day 6 expectations

 

Morning to you, Monks,

Yesterday was a beautiful day on campus!

It was made all the better because it was the first time we gathered our Orientation Leaders (OL’s) together for training.  I made it about halfway through my opening remarks to these students, all dutifully masked, sufficiently spaced, under the outdoor tent on Mercy Lawn – and then realized, for the 100th time – this year is going to be different.

I’ve discussed, both in a virtual summer orientation series for parents and families, in campus email to students, various forums with faculty and staff, the particulars of our pandemic response.  What we’ll be doing, and why, and how we’ll respond to certain situations.

Just yesterday I was asked by some students at lunch how I’d respond to other students who host large off-campus parties, which sounds like something we really shouldn’t be doing.  That’s a good question.  Maybe we should address those types of scenarios and expectations for our students, on and off-campus.

See, it’s easy to get lost in pandemic preparation, and lose sight of what has never changed in terms of the College’s expectations.  So, that’s the topic for today – the two-way street of what the College expects for you (students) and what you can expect from the College.

I’ve always seen it this way, actually.  Students are investing a lot of their own time, resources, and trust in a College who is committed to developing the whole person, for their time on campus, and beyond.  Just last week, I had dinner out with a friend, and we went to a restaurant owned by a Saint Joe’s alum.  I had never met him before, but how he spoke about his connections, friendships, and experiences on campus were genuine and positive.

In no particular order, here’s what we expect (I love when people say that, incidentally, because obviously there’s a priority, it’s the order in which these popped in my brain!)

  • A community free from violence.  It sounds easy enough, right?  It should be, but unfortunately, Saint Joe’s is not unlike other colleges and universities across the country.  We have violence in our community, we have harassment, stalking, bullying, and assault.  If students are fearful, it makes it difficult for them to learn and grow.  It takes all of us to stop violence, in all its forms, on campus.  As my friend Sarah Gordon reminds me, a good policy helps to guide us when something happens…..but good action is even better – we can stop bad things from happening.   That’s what Green Dot training is all about, and why we offer opportunities for students to be Green Dots on campus.
  • An honest community.  Honesty, and its close cousin, truth, is at the heart of our academic and non-academic experience.  An academic experience at Saint Joe’s is rooted in the pursuit and exploration of the truth.  That’s what being a liberal-arts College is (partly) all about.  Knowing the difference between group work and copying, giving credit through citation. Cheating.  Being honest with our academic efforts is required stuff.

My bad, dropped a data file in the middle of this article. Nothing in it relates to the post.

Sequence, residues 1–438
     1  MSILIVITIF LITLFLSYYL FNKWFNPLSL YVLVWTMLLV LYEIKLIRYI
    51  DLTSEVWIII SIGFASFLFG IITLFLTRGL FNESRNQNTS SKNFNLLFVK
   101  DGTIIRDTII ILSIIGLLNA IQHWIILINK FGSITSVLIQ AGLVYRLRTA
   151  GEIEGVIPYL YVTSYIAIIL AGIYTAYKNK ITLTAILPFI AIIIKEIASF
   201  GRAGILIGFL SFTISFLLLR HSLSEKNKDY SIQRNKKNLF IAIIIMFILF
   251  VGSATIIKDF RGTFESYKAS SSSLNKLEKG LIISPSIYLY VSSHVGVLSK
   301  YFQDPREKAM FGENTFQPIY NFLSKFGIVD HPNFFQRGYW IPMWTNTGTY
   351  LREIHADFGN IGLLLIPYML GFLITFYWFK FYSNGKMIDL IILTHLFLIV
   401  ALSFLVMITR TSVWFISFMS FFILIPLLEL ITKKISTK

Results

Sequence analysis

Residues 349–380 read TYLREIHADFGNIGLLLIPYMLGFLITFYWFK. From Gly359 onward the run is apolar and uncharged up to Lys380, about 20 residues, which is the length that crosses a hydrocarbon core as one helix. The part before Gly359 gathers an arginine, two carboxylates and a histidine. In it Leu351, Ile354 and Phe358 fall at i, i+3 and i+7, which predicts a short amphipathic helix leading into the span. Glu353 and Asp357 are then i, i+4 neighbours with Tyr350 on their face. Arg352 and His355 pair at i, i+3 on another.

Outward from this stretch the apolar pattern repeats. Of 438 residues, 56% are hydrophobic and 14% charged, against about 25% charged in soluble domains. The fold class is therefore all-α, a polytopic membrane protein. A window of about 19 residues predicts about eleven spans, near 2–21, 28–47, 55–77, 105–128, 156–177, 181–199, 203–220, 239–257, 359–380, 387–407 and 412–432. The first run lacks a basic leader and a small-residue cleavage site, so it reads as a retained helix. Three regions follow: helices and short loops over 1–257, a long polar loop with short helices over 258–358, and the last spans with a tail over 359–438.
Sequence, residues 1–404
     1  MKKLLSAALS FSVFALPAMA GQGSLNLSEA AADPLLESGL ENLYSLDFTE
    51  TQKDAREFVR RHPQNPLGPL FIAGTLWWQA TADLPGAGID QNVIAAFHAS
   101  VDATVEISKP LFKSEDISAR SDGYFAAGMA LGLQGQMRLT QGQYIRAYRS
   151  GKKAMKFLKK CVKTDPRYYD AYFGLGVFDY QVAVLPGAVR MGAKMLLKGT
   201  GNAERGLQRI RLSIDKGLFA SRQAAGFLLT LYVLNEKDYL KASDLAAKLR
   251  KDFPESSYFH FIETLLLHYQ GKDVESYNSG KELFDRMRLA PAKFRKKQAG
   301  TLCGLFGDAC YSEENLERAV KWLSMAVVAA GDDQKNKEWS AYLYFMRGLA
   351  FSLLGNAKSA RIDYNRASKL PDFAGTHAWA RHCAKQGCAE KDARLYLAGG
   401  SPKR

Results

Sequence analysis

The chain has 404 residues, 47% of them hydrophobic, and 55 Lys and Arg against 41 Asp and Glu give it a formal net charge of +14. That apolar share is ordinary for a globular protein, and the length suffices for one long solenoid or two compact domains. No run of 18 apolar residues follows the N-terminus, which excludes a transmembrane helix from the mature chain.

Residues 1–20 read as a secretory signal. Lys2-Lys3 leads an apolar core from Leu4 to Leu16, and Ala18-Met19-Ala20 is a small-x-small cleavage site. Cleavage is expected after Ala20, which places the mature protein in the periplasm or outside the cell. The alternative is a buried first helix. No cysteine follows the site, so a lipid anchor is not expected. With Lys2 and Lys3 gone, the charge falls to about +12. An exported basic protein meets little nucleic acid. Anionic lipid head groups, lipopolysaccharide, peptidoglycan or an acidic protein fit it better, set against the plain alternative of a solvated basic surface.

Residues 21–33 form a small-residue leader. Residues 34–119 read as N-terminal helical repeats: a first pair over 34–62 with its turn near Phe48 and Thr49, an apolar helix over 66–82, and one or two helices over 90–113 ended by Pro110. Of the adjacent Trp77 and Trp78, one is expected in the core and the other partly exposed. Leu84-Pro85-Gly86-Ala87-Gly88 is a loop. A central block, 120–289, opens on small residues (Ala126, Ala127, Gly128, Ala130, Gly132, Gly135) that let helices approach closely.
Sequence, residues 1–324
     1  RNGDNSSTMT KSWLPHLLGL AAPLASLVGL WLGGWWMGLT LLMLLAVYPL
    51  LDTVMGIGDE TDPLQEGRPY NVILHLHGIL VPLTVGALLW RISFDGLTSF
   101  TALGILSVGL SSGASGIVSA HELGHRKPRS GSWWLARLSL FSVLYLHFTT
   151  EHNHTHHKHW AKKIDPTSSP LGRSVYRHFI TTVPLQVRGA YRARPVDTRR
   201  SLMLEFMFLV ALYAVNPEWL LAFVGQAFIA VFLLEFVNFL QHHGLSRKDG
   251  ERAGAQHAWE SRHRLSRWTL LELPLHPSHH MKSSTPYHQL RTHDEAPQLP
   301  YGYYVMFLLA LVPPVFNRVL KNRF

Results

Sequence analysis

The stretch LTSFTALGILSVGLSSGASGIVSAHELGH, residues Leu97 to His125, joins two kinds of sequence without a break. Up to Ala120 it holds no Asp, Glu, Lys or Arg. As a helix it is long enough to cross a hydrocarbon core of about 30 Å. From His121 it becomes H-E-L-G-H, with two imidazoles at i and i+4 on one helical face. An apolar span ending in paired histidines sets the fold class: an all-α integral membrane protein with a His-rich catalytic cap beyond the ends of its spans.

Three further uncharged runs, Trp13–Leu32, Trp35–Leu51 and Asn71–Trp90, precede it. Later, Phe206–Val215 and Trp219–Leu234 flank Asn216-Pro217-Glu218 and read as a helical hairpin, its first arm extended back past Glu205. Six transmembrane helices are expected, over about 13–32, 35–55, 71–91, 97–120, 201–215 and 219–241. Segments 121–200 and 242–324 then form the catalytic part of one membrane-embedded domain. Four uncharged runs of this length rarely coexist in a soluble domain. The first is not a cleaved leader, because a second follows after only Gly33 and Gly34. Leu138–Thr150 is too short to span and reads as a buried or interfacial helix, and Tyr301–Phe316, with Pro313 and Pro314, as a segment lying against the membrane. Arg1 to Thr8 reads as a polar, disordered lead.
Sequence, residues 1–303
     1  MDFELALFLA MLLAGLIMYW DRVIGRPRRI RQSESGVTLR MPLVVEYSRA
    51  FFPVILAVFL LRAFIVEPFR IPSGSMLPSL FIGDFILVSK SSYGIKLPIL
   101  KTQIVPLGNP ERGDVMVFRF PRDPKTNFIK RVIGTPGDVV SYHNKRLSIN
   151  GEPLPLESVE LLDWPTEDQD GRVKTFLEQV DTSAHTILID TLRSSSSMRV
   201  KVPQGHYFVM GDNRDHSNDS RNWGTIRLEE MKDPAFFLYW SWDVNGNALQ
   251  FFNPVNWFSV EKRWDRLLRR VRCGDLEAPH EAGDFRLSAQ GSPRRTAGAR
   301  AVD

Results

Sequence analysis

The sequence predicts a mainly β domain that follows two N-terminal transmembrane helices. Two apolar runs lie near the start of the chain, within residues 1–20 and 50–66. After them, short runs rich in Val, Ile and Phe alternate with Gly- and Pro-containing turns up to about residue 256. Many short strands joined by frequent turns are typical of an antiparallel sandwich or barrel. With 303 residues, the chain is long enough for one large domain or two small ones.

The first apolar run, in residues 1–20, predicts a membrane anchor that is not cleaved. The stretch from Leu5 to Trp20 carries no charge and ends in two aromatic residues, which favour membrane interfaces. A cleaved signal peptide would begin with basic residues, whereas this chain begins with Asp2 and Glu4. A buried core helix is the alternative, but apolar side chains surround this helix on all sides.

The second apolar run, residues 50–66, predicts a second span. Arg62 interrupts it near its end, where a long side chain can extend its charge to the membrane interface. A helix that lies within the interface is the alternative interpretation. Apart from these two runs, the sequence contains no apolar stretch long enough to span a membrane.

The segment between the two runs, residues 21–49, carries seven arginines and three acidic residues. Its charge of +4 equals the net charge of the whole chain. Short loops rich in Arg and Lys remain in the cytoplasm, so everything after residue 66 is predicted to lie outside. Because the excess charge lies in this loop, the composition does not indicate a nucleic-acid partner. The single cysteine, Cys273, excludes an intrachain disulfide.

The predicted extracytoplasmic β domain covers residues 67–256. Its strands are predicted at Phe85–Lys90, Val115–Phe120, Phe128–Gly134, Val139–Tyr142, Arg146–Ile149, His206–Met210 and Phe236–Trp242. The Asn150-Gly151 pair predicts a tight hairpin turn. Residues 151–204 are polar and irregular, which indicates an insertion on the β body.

• The College expects change.  Change can be a messy, zesty enterprise.  Messy because, well, the status quo – the baseline – never wants to change in the first place.  It’s easier, and we’ve evolved for things to be as easy as possible.  Look at the bicycle, the model of efficiency.  Or fire, which helped us digest food faster, growing our brains so we could sit around and play Madden.  But still.  You should be changed, augmented, going out than you were when you first came to us.  I think that alum at the restaurant would admit he changed during his time at Saint Joe’s.

And, super quick, because I’m already over my limit this morning, here’s what you can expect from the College:

  • College is a great place to make mistakes.  Sure, there are some mistakes that are serious, which require a timeout.  But on the whole, whether it’s failing a class, having a bad athletic game, or just an interaction that causes us to think, “ok, I’ll never do that again.”  Hopefully, you make a bunch of mistakes.  You should expect the College to be a place that acknowledges that as fundamental to the learning process.  It doesn’t always mean you get a pass for breaking the rules (I’m looking at you, would-be off-campus party hosters) but it means that we expect those types of things to happen.
  • You should expect respect.  Not only is it a core value of the College, but it’s fundamental for any relationship – and that’s what you have with the College.  Every person, every student, has a job to do at the College, equally important in their contribution to our shared goal.  You should feel respected by every person on campus, even in those times of adversity and change.  Things can be messy, we can disagree with one another, we may not always get what we want – but we always deserve respect.
  • Lastly (for real) – you should expect to be supported.  As I’ve mentioned in several other posts, College is a time for challenge.  But it’s also a place for you to be supported.  Whether it’s about your physical, emotional, spiritual, financial, or academic support, you should expect the College to have dedicated resources to help you through those tough times.  Because we all have them.  And if we expect them, and require them, to happen, as I’ve stated above (a little Socratic deduction this morning) we’re also going to be there for you when you need help.

Less than a week to go!  Go have yourselves a great day, everyone.  Back tomorrow.

Matt

 

Matt Goodwin is the Dean of Students at Saint Joseph’s College.

Along with a team of challenging and supportive Campus Life professionals in the areas of Student Engagement & Residential Living, Counseling Center, Health & Wellness Center, Campus Safety, and the Mercy Center, Campus Life supports students’ holistic personal development, learning, and empowerment in service to a global community.